On the other hand, gender diversity at the board level can be improved. Among the top 100 companies in Singapore, 15.7 per cent of board directors are women, as of June this year. It remains to be seen whether we can achieve the 2020 goals set by the Council for Board Diversity, where 20 per cent of board directors would be female.

The council also hopes the figure can reach 25 per cent by 2025 and 30 per cent by 2030. As of June, 21 out of the top 100 companies have an all-male board. This number can be reduced further.

We need to buck up and deliberately encourage more companies to have gender diversity, especially at the governing board layer.

More investors, consumers and potential employees are tracking diversity at the leadership level. Companies’ sustainability movement is one thing to look out for next year, and gender diversity is one indicator of that movement.

There is currently a chasm between the number of females at the executive management level and at the board level. This may be due to an existing “old boys’ network” at the board level.

Hopefully, the chasm can become smaller next year.

Alex Capri, Visiting Senior Fellow, Department of Analytics and Operations

In 2020, artificial intelligence (AI) will continue to impact the business landscape and present a paradox to both small and medium-sized enterprises (SMEs) and large multinational businesses.

For SMEs, the platform economy will continue to offer access to an increasing number of ideas, collaborative networks, enablers, facilitators and, of course, suppliers and customers.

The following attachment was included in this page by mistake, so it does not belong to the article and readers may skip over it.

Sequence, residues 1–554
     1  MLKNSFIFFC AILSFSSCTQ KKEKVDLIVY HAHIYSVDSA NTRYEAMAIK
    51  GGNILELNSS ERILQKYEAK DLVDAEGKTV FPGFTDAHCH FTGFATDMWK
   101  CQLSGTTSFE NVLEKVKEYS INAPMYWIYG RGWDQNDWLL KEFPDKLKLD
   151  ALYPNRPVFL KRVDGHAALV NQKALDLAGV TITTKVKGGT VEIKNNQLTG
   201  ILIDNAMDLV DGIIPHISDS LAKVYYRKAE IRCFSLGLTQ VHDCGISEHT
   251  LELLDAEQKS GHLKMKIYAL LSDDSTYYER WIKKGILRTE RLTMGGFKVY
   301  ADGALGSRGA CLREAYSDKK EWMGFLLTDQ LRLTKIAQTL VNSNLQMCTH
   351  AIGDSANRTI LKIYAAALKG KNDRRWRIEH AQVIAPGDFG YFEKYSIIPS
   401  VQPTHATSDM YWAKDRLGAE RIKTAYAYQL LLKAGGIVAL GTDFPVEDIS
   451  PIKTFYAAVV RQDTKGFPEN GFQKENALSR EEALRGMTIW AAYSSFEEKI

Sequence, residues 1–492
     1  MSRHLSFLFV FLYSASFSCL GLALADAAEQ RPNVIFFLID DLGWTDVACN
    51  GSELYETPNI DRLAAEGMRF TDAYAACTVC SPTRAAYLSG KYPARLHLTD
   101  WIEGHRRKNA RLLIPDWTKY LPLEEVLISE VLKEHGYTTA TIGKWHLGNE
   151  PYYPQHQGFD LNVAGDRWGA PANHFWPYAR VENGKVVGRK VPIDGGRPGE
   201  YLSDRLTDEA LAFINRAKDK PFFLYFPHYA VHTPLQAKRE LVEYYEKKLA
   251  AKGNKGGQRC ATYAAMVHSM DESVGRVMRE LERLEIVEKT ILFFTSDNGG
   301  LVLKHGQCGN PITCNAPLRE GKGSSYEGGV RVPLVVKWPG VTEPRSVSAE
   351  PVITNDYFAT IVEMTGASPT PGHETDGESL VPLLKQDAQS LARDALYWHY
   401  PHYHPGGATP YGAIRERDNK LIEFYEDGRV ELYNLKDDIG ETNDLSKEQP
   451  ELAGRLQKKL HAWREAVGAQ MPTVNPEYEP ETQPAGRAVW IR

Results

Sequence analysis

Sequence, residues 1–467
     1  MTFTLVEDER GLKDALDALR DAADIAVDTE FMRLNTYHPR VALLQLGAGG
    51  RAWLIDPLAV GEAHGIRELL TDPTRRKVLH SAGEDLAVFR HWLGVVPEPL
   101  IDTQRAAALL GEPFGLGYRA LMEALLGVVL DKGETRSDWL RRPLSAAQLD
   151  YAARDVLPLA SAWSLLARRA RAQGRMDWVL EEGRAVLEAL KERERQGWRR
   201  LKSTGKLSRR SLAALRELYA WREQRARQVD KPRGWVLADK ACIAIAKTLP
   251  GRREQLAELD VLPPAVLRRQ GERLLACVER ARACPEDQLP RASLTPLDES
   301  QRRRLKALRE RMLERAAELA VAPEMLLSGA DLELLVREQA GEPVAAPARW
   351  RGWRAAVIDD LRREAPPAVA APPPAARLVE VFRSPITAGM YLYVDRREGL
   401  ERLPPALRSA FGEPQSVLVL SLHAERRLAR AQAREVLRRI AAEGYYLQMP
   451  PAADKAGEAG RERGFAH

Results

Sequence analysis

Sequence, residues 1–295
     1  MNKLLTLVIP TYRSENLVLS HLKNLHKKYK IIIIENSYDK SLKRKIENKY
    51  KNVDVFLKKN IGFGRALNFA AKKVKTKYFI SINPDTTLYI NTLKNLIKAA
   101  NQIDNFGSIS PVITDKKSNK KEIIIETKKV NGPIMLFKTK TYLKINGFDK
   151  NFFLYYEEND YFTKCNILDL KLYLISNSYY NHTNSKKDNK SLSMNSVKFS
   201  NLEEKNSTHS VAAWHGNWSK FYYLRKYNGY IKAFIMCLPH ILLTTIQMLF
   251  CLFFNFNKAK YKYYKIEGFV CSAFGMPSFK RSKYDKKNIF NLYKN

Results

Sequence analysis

Barriers to entry will continue to fall when it comes to general access to the sharing economy, social commerce, e-commerce and cloud-based resources.

Simultaneously, however, a technology backlash in the form of new regulations on data privacy and security, fake news and (for cross-border e-commerce) indirect taxes and duties will pose challenges.

Some of these challenges will have a silver lining: They will galvanise a “regtech” (regulatory technology) hotbed of start-ups and new business. Simply put, these regtech companies use technology to help other companies comply with regulations more efficiently.

But doing cross-border business in this growing regulatory thicket, from one country to the next, will be a challenge for many SMEs.

Adjunct Associate Professor Andreas Raharso, Department of Strategy & Policy

One of the biggest leadership challenges in 2019 is for leaders to show the way forward. A McKinsey report found that in an era of workforce reskilling and disruptive business models, this challenge is not easy to address. Take, for instance, connectedness.

The technology revolution has enabled hyper-interconnectedness where people connect and collaborate on multiple platforms such as e-mail, phone, Facebook and LinkedIn because of some shared experiences.

While this creates a very dense level of connection among people, often touted as “good”, from the organisation’s perspective, employees who are too connected together may not be productive – they may be less likely to develop new ways of doing things as they are way too alike.

Leading organisations such as Amazon, Nasa and Schneider Electric have been re-examining and redefining what collaboration should be like as part of their next practice leadership, with the aim of managing the level of interconnectedness for optimal performance. Functioning in silos, often considered “bad”, may have overlooked benefits.

It may well be that 2020 will be the year when collaboration and working in silos are re-examined.